For and against the clean wine trend

Cameron Diaz has just released a ‘clean’ wine and a debate has followed. Robert Joseph agrees with the critics. Up to a point.
 

Avaline founders Powers and Diaz/Photo by Justin Coit
Avaline founders Powers and Diaz/Photo by Justin Coit

Clean. 

It’s a great word. 

So much better for marketing than ‘dirty’, which – unless you are talking about weekends, Martinis or dancing – is frankly rather negative.

Maybe it shouldn’t be surprising that there are now at least a couple of dozen recipe books whose titles include the words ‘Clean Eating’ or ‘Clean Food’. Clean Eating magazine, started by Robert Kennedy and his wife, sells over 200,000 copies, eight times a year, and has a Facebook page with over three-quarters of a million likes.

Where food has led, wine had to follow and ‘clean wine’ is now also a ‘thing’. Many people have just been introduced to the term thanks to the widely trumpeted news that actress Cameron Diaz has launched a new ‘clean wine’ brand called Avaline, working with her friend, the entrepreneur Katherine Power.

The Hollywood star is also the author of a 2013 New York Times bestseller called The Body Book, in which she wrote about the “inseparable link between nutrition and the body”. In her new venture, according to Forbes, she’s reacting to the revelation that “the overwhelming majority of wines…could be legally adulterated with dozens of chemicals and flavoring components.” Unlike her $24 Avaline Catalunyan white and Vin de France rosé which are certified as organically grown and made free from “unnecessary extras”, and which are thus ‘clean’.

Diaz’s casual demonisation of the majority of the wine industry will strike a familiar chord with anyone who has followed the progress of the natural wine movement, whose proponents explicitly do the same thing, pointing to the “more than 70 additives” that can be found in some wines – as if all conventional wines had 70 different additions in the one glass, or as if conventional wine didn’t sit on a spectrum from cheap mass-market wines to hand-crafted, artisanal wines.

The Natural Wine Co’s website is more specific, directly asserting that “most wines sold in the United States contain ‘color enhancers’, preservatives, chemical stabilizers, Mega Purple™, ‘oak essence’, sugar, acid and the like”.

The natural wine lovers have set out to question the integrity of conventional wine and they have succeeded – at last, the question of wine labelling is being taken seriously. That’s one result. The other one is the ‘clean wine’ movement, the bastard child of natural wine. Unlike its natural parents, 'clean wine' is consciously commercial, marketing-driven and searching for profits.

Natural wine, I have been repeatedly told is a philosophical movement, led by small, independent-minded producers. Clean wine, on the other hand, is big business – driven by people like Power, whose background includes the fashion brands Clique and Who What Wear and Versed skincare. As an entrepreneur, Power is not alone in understanding the value of associating the word ‘clean’ with its strength in other sectors.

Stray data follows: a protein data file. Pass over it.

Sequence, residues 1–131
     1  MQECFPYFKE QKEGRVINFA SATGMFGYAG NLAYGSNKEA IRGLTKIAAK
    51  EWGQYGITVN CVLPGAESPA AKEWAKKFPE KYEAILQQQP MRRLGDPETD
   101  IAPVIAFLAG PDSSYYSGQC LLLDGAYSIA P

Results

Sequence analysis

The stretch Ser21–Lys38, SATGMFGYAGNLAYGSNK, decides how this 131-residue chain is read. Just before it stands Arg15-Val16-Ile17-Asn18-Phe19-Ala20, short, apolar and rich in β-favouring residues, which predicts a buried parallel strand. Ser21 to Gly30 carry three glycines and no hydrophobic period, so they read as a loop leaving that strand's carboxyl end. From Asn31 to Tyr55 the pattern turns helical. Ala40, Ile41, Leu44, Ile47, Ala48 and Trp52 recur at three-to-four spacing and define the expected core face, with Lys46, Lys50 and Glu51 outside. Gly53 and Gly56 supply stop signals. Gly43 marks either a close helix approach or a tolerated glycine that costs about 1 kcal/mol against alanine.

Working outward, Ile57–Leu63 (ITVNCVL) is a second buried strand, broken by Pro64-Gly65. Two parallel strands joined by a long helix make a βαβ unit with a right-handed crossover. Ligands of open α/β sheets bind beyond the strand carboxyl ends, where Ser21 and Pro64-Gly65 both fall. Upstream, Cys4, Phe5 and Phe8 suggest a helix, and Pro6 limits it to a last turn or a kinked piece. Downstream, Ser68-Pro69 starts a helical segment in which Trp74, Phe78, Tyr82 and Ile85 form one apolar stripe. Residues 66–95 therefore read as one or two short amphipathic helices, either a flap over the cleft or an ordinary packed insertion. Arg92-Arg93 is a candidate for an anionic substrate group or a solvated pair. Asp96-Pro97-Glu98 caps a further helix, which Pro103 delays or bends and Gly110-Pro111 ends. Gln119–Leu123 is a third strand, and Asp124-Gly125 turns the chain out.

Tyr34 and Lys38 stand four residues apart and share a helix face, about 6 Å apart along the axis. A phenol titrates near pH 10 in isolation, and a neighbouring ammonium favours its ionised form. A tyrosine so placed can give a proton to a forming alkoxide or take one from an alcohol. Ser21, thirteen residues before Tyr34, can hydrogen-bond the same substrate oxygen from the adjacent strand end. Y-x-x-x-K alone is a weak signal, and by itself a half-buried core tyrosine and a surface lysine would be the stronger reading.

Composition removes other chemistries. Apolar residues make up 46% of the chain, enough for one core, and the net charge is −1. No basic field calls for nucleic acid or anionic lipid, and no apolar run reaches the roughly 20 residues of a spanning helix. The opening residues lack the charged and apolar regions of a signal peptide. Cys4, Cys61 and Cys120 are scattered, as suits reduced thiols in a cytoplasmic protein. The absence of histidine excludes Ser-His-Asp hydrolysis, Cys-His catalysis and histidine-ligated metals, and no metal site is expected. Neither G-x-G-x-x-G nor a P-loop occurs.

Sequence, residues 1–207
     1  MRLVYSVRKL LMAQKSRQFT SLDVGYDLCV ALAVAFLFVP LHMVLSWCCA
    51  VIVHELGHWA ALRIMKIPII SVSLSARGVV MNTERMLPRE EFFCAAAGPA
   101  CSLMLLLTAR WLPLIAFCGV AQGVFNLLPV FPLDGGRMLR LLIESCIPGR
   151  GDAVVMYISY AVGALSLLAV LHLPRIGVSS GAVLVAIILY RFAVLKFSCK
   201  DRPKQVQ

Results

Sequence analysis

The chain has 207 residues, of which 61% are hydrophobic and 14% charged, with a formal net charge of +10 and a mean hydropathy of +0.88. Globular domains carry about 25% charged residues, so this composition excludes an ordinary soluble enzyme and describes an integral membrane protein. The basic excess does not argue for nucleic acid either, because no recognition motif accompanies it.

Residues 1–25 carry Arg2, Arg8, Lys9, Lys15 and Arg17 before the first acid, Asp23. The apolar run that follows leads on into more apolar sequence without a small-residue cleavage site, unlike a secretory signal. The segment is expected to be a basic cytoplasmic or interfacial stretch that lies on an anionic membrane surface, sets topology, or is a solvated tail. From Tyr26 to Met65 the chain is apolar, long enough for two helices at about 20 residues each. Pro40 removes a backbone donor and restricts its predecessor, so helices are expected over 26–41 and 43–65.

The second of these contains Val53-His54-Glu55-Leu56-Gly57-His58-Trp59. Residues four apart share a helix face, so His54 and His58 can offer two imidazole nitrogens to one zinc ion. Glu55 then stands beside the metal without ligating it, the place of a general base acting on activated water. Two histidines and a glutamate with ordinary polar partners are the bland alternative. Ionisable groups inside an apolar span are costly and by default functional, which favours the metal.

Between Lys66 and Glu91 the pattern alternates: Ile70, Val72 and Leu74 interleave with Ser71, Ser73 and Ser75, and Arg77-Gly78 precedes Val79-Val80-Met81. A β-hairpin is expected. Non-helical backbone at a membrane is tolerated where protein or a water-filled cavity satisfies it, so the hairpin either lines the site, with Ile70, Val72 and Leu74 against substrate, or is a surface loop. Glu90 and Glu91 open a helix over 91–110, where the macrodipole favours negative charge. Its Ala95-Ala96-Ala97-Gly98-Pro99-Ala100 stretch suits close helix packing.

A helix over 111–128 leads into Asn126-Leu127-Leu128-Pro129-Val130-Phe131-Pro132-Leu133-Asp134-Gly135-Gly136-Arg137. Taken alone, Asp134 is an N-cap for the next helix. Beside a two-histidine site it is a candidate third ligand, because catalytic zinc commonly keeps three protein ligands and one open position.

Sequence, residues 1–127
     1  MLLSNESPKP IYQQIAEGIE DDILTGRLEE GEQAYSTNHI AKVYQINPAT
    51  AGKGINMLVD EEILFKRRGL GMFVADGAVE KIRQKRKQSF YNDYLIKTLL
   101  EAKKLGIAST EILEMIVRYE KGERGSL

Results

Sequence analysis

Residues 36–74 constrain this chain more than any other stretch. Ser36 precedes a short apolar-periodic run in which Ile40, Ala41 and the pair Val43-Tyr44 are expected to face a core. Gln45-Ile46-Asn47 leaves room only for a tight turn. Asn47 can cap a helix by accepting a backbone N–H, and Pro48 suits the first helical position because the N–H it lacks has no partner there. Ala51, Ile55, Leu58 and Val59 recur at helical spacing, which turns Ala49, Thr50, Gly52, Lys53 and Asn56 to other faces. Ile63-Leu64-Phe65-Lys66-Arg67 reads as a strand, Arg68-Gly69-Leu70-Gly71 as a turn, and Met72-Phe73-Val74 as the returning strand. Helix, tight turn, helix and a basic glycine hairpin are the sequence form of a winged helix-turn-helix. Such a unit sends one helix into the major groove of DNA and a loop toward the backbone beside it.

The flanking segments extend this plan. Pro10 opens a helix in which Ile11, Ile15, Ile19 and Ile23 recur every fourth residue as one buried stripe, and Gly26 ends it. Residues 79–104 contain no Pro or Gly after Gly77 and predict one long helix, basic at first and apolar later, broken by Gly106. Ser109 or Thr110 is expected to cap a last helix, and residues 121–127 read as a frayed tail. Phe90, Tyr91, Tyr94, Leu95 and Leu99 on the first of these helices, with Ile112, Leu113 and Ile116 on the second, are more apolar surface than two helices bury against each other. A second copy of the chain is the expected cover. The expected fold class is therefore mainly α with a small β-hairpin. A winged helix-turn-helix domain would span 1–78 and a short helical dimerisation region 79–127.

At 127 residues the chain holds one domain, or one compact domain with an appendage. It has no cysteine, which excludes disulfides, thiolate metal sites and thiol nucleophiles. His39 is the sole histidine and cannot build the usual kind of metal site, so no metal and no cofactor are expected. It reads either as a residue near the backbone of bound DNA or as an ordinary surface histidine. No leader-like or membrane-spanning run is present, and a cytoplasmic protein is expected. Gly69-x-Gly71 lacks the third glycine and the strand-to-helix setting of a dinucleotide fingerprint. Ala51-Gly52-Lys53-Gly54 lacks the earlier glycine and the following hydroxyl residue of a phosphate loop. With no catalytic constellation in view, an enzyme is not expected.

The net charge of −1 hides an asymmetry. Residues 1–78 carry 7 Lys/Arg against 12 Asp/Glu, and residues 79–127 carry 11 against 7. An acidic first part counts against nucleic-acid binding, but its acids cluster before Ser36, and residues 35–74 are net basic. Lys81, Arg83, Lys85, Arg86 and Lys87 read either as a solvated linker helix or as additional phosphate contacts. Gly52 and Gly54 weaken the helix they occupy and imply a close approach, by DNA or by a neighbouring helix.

Thrive Markets, a club-based business with 500,000 members which aims to “make healthy living easy and affordable for every American family” offers a range of 6,000 grocery items including ‘clean beauty’ products. There are also four-bottle ‘clean wine starter packs’ for just under $60. 

Then there are The Wonderful Wine Co. wines from Winc, a five-year-old company with  $45m backing from investors like Bessemer Venture Partners, Shining Capital, and Cool Japan Fund, that describes itself as” a data-driven winery that uses real-time customer feedback to make culturally relevant wines at speed & scale”. Winc can market these ‘clean-crafted wines’ to its more than half a million subscribers, and through Whole Foods stores.

Notably, the selling point of many of these wines is the process by which they’ve been made. You will sometimes struggle to find information about the land they came from, or the people who made them. 

But their benefit is that, unlike natural wines, no palate adjustment is required for people used to drinking conventional wines. Nor will the consumer have to wade through arcane details like sulphur levels, wild yeast, fining or filtering. The clean wine business can just say “we’re certified organic and clean”. Oh, and “certified vegan”, too.

For the sake of clarity, let me state that I vehemently hate the idea of using the word “clean” to describe alcohol, a carcinogenic poison, and I hate the bullshit behind describing a wine as gluten-free, as Diaz does. However, there are no laws to stop entrepreneurial wine businesses and celebrities from piggybacking onto a widely recognised term and turning low intervention into something larger than the natural wine world could ever have imagined. And, if it means that people switch from Barefoot to a sustainably or organically produced Barefoot Clean, in the way they have switched from fast food burgers to the Impossible Burger, will that be an entirely bad thing?

Like a fine wine, the argument is complex. 

As the natural wine world has just discovered, when you raise an issue, you create a new market. Which means a new market opportunity is waiting to happen.

I’m off to launch the Deliciously Dirty Wine Co. Anyone care to join me?

Robert Joseph

 

Comments

Agree totally - my definition of clean wine is fake wine. However, the consumer is willing to buy it because of the celebrity, marketing, and hype. Hopefully that leaves the “real wine” for me

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